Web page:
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  3. I had not heard of Louis Wain. It’s a fascinating story, though a sad one.

    We have a new kitten, endlessly entertaining but extremely fond of the lap clawing trick.

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  4. All our cats who took residence with us through the years, did the trick too! One friend’s cat was especially fearsome, he would lie in your lap quietly relaxed, and suddenly take a bit bite out of your hand! Not a nice kitty. But they certainly are adorable when in their kitten stage. One of ours waited until a friend who was allergic came to visit, and then race around the room performing. She would sneeze and cough until I finally took pity and put him away when she came by.

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  5. It is sad that Louis Wain suffered so. One has to wonder whether his art was because of his suffering, or despite it.

    Cats round our way, particularly at night against a full moon, are not as socially harmonious as those Mr Wain depicts sitting happily together on a wall.

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  6. I found Louis Wain to be fascinating on two points: all his family were artistically inclined, apparently many of the churches and cathedrals throughout England have some demonstration of his mother’s design ability, and many Turkish-style carpets were of her design.

    Wain was quite political, and didn’t hesitate to put his cats on his side of the spectrum he espoused. Many of his pictures took a lot of study for someone unfamiliar with what was going on politically.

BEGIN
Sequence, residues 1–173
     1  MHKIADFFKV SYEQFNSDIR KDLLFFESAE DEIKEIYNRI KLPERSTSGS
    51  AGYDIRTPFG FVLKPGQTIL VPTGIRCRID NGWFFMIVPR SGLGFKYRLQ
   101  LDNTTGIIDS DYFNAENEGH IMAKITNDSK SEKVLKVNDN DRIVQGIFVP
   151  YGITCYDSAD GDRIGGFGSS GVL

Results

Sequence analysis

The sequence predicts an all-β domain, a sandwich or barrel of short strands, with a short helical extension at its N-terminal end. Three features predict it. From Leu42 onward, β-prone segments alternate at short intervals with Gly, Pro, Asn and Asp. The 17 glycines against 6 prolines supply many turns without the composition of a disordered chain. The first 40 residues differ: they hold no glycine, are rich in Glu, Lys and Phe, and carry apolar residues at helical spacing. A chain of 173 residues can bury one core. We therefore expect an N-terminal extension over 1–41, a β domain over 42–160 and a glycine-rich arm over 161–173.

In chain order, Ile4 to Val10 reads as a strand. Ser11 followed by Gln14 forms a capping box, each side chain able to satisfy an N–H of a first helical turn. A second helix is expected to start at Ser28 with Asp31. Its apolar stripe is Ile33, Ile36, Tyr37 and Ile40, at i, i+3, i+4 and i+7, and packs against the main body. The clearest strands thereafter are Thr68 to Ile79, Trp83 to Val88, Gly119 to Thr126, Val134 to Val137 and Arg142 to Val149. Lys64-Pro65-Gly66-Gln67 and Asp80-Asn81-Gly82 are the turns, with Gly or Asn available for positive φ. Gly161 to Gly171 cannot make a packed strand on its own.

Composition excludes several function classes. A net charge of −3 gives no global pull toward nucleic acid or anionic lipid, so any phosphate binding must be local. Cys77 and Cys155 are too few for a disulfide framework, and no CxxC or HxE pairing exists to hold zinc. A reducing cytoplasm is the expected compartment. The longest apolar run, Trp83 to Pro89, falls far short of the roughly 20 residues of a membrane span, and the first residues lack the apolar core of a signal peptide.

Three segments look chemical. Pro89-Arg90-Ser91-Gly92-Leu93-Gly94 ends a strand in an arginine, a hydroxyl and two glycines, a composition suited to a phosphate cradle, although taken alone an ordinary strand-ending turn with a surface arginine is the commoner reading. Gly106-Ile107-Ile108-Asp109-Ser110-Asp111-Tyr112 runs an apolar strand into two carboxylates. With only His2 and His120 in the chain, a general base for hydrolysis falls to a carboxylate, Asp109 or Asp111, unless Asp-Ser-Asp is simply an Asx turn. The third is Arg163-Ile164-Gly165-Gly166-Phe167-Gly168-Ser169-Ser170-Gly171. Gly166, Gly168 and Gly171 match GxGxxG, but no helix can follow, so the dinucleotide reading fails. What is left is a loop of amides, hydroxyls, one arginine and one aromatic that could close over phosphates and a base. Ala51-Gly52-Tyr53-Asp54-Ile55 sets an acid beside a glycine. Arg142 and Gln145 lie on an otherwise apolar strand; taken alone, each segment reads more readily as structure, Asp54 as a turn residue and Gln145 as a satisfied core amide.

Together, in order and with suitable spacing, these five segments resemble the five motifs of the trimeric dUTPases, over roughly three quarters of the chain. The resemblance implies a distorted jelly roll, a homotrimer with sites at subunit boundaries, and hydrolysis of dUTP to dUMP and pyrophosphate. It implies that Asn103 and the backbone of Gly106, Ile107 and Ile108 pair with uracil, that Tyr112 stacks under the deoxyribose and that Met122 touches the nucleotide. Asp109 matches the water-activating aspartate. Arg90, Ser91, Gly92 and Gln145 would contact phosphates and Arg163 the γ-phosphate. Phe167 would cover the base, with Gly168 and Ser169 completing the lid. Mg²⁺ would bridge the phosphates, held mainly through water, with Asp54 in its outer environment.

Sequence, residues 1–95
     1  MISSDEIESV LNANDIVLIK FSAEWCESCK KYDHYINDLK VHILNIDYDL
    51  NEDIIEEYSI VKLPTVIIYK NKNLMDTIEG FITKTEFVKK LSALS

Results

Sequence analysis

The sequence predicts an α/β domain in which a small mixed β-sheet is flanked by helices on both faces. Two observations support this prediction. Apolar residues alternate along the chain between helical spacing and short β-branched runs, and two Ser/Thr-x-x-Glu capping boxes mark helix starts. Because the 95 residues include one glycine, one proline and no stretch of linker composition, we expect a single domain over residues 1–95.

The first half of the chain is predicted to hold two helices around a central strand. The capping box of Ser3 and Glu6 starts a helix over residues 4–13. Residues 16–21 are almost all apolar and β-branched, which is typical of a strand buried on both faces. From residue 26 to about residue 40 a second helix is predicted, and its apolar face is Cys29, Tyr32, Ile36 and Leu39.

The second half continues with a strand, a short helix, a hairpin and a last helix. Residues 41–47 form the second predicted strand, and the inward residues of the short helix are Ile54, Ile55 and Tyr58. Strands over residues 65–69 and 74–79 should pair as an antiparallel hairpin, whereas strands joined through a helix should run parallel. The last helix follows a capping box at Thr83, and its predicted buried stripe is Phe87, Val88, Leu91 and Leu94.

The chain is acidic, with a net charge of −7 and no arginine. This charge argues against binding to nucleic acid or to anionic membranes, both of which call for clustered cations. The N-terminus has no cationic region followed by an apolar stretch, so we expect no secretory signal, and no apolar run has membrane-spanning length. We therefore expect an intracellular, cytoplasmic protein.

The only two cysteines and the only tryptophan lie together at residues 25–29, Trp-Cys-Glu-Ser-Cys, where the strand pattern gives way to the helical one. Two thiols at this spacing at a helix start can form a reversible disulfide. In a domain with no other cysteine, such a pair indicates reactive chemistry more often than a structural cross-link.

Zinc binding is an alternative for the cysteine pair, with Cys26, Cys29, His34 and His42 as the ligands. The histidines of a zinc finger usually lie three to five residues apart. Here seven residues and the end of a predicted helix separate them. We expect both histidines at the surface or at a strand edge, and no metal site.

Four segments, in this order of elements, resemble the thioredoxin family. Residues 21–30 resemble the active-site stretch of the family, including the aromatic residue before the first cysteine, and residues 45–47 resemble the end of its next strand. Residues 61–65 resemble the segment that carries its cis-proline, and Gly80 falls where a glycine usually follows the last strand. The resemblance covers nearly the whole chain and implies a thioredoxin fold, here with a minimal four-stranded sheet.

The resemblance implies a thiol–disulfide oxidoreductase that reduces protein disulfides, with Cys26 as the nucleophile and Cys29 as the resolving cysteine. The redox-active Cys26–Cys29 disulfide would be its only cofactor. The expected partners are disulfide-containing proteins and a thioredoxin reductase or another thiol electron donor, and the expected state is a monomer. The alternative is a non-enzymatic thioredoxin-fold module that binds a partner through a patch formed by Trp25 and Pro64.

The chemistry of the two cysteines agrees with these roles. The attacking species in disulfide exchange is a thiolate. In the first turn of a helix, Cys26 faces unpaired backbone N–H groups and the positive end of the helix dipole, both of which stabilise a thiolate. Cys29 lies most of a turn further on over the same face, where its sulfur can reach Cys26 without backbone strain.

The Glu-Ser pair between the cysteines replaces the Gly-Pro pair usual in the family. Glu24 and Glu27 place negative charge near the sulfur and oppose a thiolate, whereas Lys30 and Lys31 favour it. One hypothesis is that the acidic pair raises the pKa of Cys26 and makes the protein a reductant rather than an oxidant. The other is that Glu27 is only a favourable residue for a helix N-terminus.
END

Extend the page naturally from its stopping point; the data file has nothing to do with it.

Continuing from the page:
The whole family loved cats, which showed he painted what he knew so well, and it does show clearly the progression of his illness.

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    1. You have interested me in the political inflluences on Wain’s art. All I found on the net was this: http://vulgararmy.com/post/5262714207/socialism-octopus-by-louis-wain-circa-1902

      It is not clear from this what his political leanings were, but I note that his admirers were the socialist HG Wells and the first socialist Prime Minister, Ramsay Macdonald.

      It what way did his politics bear upon Wain’s paintings, particularly the later ones?

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  7. Wain put out a series of Annual magazines from 1901-1920 with little or no editorial control. Though he certainly associated with socialists, i.e Wells, MacDonald, his cartoon views seem to be all over the place. He did some cartoons which seemed sympathetic to Ireland at that time. I know Wells at one time belonged to the Fabian Society, if Wain was also a sympathizer I don’t know.

    From his letters to magazines and newspapers his views show him to be a capitalist, loyalist, and colonialist and he believed in Free Trade. I checked out your link and it was much like a lot of his cartoons in the Annuals.

    His later paintings showed cats enjoying gentle pursuits frequently showing flowers and a beautiful building in the background. he began using more facial expressions as he went along, and the eyes began to be more agitated until the cat was pure design. However, I did not see anything you could consider political at the end.

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    1. I’m sorry I cannot help you. The last image was titled “Early Greek”, but the one above it was part of a larger image which apparently was unnamed. He often did not name his sketches. They are lovely though aren’t they? They would make up nicely as a rug design. Thanks for your inquiry Kiki.